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- Subject: Re: Generational GC (was Re: A review of changes between 5.1 and 5.2-work3)
- From: Roberto Ierusalimschy <roberto@...>
- Date: Wed, 2 Jun 2010 10:26:18 -0300
> On May 21, 2010, at 9:30 AM, Mike Pall wrote:
> > About point 14: the experimental generational collector in Lua 5.2
> > is not enabled by default. And it's non-incremental, which means
> > it's less applicable to apps with a need for low-latency GC (games).
> Thinking about generational GC, presumably the goal is to reduce memory consumption, correct?
Not exactly. Most kinds of collectors make a compromise between CPU and
memory consumption. (At one extreme, with enough memory you do not need
to run the collector at all.)
The immediate goal of a generational GC is to reduce CPU work, by reducing
the number of objects to be visited at each collection. Of course, because
of the above balance, we can trade that CPU gain into memory gains, by
running the collector more often or more aggressively.
> I would (naively) think that one could run essentially two incremental
> GC's. The nursery gets collected at a rate based on allocation. The
> older generation gets collected at a rate based on tenuring. There is
> probably a need for an adolescence phase in which an object in the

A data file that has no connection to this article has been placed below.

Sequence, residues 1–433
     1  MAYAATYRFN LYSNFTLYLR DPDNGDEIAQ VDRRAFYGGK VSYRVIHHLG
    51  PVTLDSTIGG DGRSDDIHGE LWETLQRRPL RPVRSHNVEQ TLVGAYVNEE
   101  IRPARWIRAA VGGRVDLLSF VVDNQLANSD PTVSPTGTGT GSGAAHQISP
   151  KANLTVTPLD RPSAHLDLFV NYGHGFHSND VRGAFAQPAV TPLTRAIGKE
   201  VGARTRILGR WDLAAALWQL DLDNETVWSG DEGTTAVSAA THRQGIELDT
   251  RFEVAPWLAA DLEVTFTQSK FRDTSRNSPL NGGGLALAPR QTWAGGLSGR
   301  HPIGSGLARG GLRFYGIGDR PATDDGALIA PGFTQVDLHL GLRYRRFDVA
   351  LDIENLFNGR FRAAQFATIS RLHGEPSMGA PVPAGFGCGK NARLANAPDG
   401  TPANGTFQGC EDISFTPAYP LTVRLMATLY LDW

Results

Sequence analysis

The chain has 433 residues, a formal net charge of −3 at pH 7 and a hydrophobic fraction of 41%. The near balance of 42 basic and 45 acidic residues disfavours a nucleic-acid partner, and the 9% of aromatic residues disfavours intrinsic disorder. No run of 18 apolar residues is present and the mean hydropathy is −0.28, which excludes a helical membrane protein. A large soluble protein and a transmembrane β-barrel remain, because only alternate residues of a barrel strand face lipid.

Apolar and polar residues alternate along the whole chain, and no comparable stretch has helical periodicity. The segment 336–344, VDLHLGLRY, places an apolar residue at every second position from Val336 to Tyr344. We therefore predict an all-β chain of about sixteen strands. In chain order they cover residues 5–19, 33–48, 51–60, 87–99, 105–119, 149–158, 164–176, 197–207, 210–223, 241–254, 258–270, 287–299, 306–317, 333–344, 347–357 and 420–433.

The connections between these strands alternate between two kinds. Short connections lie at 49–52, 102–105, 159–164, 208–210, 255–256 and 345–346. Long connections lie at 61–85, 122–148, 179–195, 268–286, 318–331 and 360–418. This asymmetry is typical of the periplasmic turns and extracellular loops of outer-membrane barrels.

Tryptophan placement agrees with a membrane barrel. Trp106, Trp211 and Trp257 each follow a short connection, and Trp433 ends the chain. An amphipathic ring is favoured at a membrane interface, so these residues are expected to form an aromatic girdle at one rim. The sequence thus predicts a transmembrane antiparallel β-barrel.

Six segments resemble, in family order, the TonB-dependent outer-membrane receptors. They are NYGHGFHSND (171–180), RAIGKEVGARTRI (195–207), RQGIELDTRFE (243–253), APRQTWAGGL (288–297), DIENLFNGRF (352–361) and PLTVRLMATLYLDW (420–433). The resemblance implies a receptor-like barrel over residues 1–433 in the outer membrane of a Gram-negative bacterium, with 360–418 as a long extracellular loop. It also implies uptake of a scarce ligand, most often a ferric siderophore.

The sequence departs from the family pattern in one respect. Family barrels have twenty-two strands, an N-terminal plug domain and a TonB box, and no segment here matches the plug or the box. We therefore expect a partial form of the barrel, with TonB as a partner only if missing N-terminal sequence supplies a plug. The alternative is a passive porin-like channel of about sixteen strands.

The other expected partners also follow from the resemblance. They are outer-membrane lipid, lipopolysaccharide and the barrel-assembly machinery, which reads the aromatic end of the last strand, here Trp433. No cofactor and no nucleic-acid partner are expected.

> nursery has been marked to be tenured because it is now referenced
> from a tenured object but we haven't unthreaded it from the nursery
> object list. This would get cleaned up during the scan of the nursery
> along with tenuring any objects that had survived enough cycles in the
This is more or less how Lua collector works (or should work).
The general idea is simple: black objects (from the incremental
algorithm) are old objects. The main difference between the incremental
collector and the generational one is that the generational collector
does not turn black objects back to white when sweeping. So, any object
that survives one cycle becomes old. The generational collector also
marks black objects with an old bit.
Lua keeps a single list of (mostly) all objects. The sweep phase
traverses this list, freeing unmarked objects. New objects are always
added to the front of the list. In the generational mode, when the sweep
phase finds an object marked with the old bit, it can stop the sweep, as
all objects after this one must be old, too. The nursery is simply the
first part of the list.
Lua has a "grayagain" list, which is used by the incremental collector
to visit objects that were black and turned gray again by a write
barrier. The generational collector uses exactly the same code to
keep its "remembered sets" of old objects that point to new ones.
The control is more or less as you described. Minor collections are
controlled by allocation. Major collections are controlled by the
memory in use after a minor collection (a good proxy for the size
of the old generation).
> To reduce memory consumption, one then runs the old generation collector
> at a faster multiplier than usual so that it collects faster. But this
> is offset by only running it in response to objects getting tenured.
For that, we need different multipliers for major and minor collectors.